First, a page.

Safe Storage

A Few Tips From An Old Gun Guy
30

Cut the odds of condensation inside your gun safe by using
desiccant bags to suck up any moisture. Save the ones that
come in boxed products, or buy them online.

By my calendar, it’s mid-winter and across the central U.S., and definitely across the northern tier states from Washington to Maine, a lot of gun owners probably should be practicing off-season gun maintenance.

I do this as a distraction from all the political anti-gunnery currently in progress in such places as Albany, Augusta, Boston, Columbus, Concord, Denver, Hartford, Lansing, Madison, Montpelier, Olympia, Portland and Springfield. Don’t have to worry much about Cheyenne, Wyoming or Salt Lake City, Utah, and probably not Boise, Idaho. Translation: Anyplace the left is in control.

Note: There are no sessions this year in Montana, Nevada, North Dakota or Texas.

This time of year, when range time might be limited or unpleasant depending on weather conditions, it’s a good time to give some attention to your prized firearms. Pull the slides off all semi-auto pistols, drop some oil on the rails and give the innards a shot of cleaner/oil. If you’re a wheelgunner, add a drop of oil to the action, and with all guns, give the bore a good look using a bore light, and brush or mop it out as necessary.

One thing too many folks overlook, however, is keeping moisture away from your guns. Don’t know about you, but about the time I was in second or third grade, I learned to never store a rifle or shotgun in a gun case. When I was older, I simply applied the same logic to handguns. This is a good way to let any moisture which might be on the gun from the last outing to become rusty. It happened to me once, and only once. Fortunately, I had a pad of fine steel wool and a bottle of cold blue handy.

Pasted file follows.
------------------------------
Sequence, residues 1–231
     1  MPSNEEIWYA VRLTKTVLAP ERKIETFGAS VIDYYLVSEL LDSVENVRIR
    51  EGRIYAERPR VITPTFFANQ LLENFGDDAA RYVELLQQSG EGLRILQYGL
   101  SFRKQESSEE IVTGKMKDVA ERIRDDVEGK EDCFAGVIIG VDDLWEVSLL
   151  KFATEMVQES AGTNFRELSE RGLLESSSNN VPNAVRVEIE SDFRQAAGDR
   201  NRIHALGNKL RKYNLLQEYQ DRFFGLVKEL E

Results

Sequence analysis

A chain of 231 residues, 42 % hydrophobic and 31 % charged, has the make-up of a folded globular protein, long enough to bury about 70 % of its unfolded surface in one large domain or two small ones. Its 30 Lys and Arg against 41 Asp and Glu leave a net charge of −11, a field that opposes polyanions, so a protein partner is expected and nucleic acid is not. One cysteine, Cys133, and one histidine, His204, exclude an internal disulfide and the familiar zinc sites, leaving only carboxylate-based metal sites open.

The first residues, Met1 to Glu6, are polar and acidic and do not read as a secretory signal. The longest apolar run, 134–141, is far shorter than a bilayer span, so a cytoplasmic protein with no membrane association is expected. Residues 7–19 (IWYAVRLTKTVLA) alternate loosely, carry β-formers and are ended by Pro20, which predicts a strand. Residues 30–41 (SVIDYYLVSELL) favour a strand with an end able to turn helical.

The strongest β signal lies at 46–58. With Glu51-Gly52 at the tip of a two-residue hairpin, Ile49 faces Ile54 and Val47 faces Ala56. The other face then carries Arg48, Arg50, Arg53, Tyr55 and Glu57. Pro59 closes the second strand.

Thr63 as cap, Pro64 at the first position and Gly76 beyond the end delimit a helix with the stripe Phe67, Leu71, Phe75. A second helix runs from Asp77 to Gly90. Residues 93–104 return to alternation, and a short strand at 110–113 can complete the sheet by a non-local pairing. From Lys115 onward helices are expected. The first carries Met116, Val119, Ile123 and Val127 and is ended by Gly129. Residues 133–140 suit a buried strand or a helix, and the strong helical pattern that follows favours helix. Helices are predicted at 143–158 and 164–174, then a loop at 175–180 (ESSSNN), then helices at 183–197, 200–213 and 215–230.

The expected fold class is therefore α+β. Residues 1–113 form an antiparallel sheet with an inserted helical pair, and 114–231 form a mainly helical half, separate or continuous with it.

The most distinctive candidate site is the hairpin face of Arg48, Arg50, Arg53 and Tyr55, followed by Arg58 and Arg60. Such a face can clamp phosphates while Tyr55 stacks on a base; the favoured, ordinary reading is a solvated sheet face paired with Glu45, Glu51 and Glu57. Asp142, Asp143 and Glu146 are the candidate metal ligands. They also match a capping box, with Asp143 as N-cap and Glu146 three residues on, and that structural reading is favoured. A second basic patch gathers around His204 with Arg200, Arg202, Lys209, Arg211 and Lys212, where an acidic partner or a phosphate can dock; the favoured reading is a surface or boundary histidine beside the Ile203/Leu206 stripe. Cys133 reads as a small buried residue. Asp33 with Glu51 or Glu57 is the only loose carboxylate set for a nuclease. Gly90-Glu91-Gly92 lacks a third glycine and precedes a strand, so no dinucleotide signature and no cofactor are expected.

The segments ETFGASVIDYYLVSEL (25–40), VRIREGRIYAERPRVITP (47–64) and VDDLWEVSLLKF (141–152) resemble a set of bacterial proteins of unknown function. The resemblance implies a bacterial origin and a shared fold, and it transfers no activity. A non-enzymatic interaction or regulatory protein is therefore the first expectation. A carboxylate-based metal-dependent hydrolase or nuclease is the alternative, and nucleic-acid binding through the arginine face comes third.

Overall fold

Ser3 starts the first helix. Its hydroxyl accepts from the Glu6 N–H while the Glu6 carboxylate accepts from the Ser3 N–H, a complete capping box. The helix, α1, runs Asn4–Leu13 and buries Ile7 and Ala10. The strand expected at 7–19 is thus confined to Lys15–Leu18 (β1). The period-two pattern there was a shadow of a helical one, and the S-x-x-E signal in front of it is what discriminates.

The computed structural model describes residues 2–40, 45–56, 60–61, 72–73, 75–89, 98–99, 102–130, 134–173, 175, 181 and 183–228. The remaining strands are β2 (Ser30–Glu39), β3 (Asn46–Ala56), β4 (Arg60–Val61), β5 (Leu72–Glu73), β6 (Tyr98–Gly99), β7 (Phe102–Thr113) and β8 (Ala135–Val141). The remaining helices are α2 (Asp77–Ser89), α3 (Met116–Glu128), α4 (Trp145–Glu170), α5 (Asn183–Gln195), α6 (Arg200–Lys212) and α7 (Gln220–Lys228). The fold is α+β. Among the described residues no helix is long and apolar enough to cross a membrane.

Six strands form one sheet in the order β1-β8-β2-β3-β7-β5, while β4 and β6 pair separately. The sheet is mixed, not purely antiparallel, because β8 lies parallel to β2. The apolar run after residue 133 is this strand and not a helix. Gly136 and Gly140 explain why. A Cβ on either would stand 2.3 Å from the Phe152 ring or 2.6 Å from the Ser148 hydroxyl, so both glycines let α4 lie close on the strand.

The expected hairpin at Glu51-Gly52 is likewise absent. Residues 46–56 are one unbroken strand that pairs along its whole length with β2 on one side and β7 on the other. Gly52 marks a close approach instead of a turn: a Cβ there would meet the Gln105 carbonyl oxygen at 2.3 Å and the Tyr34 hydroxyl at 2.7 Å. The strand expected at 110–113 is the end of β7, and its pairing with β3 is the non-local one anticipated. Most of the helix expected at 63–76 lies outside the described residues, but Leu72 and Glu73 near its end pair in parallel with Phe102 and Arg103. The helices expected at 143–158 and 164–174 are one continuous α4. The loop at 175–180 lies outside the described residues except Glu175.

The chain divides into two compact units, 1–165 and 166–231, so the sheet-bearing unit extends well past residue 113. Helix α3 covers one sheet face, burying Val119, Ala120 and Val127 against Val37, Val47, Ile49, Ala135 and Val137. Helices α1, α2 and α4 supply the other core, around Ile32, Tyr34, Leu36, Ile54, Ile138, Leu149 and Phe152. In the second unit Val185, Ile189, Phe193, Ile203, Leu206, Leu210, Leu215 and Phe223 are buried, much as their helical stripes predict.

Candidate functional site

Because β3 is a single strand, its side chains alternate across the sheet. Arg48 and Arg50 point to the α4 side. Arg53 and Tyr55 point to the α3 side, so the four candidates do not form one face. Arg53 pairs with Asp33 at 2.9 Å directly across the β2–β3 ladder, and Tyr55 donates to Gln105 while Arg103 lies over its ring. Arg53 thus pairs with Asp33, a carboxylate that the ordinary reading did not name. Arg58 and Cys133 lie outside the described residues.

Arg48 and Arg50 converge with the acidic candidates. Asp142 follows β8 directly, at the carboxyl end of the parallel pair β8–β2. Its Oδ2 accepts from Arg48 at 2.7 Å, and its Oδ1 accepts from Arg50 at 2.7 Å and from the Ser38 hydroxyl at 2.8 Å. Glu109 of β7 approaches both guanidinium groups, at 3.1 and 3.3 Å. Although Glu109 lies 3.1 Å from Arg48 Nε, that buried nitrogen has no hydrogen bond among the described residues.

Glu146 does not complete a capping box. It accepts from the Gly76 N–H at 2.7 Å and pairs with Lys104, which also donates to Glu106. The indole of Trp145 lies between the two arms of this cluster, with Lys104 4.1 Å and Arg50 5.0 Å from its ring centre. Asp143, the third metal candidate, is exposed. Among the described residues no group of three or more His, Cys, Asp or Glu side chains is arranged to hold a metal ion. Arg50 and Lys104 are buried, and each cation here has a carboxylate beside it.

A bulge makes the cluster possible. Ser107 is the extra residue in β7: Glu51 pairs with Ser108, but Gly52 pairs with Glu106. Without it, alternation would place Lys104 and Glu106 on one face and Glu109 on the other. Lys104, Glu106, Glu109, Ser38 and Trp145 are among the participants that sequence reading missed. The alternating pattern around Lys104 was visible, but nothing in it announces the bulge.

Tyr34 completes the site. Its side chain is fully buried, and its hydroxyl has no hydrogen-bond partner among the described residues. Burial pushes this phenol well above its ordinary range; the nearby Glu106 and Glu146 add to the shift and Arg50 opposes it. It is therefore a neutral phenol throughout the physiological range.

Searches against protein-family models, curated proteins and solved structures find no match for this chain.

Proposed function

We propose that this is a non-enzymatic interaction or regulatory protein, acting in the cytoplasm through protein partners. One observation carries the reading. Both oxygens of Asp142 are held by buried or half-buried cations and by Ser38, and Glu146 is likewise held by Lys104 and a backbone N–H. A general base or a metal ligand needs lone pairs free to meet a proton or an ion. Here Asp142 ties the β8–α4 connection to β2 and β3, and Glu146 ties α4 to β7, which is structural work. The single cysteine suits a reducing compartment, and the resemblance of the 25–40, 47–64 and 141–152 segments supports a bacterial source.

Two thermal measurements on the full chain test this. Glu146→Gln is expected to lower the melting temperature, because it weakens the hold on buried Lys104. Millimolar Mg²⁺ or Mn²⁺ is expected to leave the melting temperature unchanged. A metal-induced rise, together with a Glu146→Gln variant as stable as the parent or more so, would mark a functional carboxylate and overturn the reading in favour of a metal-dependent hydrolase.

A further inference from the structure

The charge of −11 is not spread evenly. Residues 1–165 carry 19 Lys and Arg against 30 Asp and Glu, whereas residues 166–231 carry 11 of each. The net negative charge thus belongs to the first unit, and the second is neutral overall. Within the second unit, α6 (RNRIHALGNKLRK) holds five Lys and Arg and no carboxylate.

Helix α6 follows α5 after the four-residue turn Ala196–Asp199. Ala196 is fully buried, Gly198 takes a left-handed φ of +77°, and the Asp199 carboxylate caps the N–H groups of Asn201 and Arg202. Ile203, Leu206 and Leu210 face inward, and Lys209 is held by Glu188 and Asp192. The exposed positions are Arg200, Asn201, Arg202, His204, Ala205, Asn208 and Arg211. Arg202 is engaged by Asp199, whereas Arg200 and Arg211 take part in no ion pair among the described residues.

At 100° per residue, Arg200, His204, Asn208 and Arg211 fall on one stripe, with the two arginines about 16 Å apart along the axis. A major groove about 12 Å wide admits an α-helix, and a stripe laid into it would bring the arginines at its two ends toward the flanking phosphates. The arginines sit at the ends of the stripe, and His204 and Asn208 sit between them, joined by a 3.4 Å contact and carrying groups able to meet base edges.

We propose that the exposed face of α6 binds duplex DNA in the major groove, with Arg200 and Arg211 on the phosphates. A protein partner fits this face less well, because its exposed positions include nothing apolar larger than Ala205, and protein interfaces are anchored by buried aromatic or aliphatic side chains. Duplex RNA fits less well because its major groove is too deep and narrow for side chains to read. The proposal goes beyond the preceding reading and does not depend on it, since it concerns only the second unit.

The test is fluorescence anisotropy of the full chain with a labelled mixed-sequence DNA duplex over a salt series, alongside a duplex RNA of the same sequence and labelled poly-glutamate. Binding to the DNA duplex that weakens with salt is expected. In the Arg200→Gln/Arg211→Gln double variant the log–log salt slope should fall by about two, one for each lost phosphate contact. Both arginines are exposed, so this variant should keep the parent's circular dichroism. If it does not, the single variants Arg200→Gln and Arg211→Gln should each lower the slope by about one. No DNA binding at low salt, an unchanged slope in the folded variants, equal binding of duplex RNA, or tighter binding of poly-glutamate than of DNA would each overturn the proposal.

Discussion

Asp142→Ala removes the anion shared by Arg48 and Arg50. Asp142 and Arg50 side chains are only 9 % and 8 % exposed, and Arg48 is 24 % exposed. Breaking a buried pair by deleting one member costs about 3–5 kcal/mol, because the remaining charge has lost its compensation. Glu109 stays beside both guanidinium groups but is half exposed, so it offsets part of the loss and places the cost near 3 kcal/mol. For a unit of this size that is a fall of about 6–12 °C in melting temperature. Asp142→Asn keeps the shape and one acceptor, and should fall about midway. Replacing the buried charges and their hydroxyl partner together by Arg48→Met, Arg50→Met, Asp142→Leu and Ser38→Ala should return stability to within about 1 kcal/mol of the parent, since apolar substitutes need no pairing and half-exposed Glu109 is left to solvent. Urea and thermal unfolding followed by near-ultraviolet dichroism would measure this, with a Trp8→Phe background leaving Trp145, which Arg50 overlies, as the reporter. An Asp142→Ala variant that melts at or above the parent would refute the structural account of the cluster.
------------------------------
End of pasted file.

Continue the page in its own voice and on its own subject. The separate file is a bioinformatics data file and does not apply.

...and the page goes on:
Some people only think “safe storage” looks like this. They’re wrong,
of course. Proper storage of firearms reduces the odds of rust or
corrosion during the off-season.

This is where a good gun safe enters the picture, because the days are long gone when Joe or Jane outdoorsman/woman can just leave a rifle or shotgun on a rack or in a glass-front gun case and not risk inviting a burglar to smash and grab.

Many gun safes are designed to allow installation of small dehumidifiers, which can be plugged into a wall socket. Those which are not should be checked occasionally, especially in damp environments. And this is where desiccants (those little bags of silica beads) come in handy.

I save every one of these little bags when they come in boxes of other goods, such as electronics. The instructions tell you to toss the bags, but I toss them only as far as the gun safe.

You can actually purchase boxes of these packets from outfits such as Hornady, Liberty Safe, Sentry Safe, Cabelas or Midway. They’re also available from Amazon and other outlets, and I rotate them in and out over the course of the winter. The strategy has been working for years, and I live in Washington, where it is either raining or getting ready to rain this time of year!

In the summer, put them in an aluminum pie pan and stick them outside where they will be in the sun all day. We’ve got a metal storage shed for garden tools and the lawn mower, and that place gets murderously hot inside from June through September. I can also put the desiccant bags in there to dry them out.